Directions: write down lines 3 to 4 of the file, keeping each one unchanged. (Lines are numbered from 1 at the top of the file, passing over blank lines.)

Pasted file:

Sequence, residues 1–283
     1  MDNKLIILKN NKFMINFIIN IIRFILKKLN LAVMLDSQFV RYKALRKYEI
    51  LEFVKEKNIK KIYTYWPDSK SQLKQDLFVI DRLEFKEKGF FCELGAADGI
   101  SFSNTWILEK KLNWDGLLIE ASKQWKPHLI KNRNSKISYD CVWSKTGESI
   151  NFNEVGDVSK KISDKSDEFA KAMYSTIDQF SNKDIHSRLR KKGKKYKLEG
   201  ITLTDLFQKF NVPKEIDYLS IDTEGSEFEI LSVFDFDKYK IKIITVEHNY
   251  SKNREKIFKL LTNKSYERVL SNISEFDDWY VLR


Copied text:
    51  LEFVKEKNIK KIYTYWPDSK SQLKQDLFVI DRLEFKEKGF FCELGAADGI
   101  SFSNTWILEK KLNWDGLLIE ASKQWKPHLI KNRNSKISYD CVWSKTGESI